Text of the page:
Customer service levels collapsed in 2014–15 and early 2015–16 as a result of HM Revenue & Customs (HMRC) underestimating the demand for telephone contact and reducing customer service capacity by releasing 5,600 staff. Average call waiting times tripled compared with previous levels, transferring an unreasonable cost to taxpayers. Waiting times only recovered towards the end of 2015 after the recruitment of 2400 new staff but HMRC’s plans to cut the cost of its personal tax services by another 34% in the next five years raise the risk of another collapse in service levels. HMRC needs a clear understanding of customer behaviour to estimate how demand will change and must be confident that it can maintain service levels at an acceptable level before it releases further staff.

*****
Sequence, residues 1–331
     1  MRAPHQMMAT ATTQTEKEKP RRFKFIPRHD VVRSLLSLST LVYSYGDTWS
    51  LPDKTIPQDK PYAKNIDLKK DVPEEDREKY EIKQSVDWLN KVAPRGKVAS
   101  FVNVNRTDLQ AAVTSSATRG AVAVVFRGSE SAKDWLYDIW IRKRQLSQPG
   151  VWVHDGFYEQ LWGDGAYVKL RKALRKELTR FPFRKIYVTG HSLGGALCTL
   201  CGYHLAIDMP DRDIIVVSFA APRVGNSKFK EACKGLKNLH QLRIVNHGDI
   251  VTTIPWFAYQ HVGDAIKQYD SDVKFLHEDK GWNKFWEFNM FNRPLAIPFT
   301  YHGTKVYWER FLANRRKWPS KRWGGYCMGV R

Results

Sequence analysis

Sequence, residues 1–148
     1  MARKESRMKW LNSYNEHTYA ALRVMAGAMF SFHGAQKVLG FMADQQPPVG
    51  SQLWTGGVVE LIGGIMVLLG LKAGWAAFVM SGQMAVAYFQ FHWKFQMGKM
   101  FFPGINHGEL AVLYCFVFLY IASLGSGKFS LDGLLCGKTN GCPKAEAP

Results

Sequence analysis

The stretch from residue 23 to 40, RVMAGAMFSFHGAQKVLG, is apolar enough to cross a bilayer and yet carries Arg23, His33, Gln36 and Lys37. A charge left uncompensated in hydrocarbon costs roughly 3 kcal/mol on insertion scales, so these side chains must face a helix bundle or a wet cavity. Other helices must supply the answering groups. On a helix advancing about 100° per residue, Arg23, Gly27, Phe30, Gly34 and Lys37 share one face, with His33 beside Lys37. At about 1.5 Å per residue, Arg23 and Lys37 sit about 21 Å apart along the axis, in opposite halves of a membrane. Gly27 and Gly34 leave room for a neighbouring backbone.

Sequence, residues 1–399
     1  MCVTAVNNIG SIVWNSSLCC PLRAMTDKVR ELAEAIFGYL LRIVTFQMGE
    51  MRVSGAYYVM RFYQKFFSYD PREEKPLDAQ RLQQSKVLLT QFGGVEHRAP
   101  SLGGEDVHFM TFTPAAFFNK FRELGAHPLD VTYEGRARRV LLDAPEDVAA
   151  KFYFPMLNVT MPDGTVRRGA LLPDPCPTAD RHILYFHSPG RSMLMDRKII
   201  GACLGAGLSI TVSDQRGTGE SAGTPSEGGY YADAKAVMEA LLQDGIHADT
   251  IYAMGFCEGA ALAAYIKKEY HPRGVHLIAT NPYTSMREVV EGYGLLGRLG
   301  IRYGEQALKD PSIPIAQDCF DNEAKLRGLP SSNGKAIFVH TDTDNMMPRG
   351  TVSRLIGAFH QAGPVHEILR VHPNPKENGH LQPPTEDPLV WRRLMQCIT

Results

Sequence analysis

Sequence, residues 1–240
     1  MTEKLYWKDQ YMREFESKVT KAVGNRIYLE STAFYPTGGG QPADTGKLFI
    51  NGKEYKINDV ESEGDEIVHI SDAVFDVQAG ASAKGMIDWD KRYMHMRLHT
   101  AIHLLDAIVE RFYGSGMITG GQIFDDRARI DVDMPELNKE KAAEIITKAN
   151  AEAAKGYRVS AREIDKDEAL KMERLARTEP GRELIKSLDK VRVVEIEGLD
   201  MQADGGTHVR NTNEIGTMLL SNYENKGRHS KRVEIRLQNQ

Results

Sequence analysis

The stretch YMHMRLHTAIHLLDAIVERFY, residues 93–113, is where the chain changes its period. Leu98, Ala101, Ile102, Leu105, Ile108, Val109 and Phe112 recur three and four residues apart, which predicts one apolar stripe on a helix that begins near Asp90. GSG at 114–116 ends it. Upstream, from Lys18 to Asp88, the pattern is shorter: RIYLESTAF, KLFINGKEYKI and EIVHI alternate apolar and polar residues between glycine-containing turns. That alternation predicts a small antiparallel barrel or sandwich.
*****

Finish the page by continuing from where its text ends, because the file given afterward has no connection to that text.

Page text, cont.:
In January 2015, the previous Committee concluded that HMRC demonstrated little appreciation of the scale of the challenge it faced in replacing its Aspire IT contract, which provides its major tax collection systems. The Committee was concerned that the move to a new model of IT could bring substantial risks to tax collection and customer service. HMRC is now better placed to replace the Aspire contract and is doing so in phases which allows it to better manage the operational and technical risks. However, HMRC still has important decisions to take, and work to do. The next two years are crucial to HMRC’s ability to move to a new IT model from 2020 which lowers cost, supports improvements in customer service and protects tax revenue. Continuity in programme leadership will significantly improve HMRC’s chances of success. We will continue to track this programme.
25 July 2016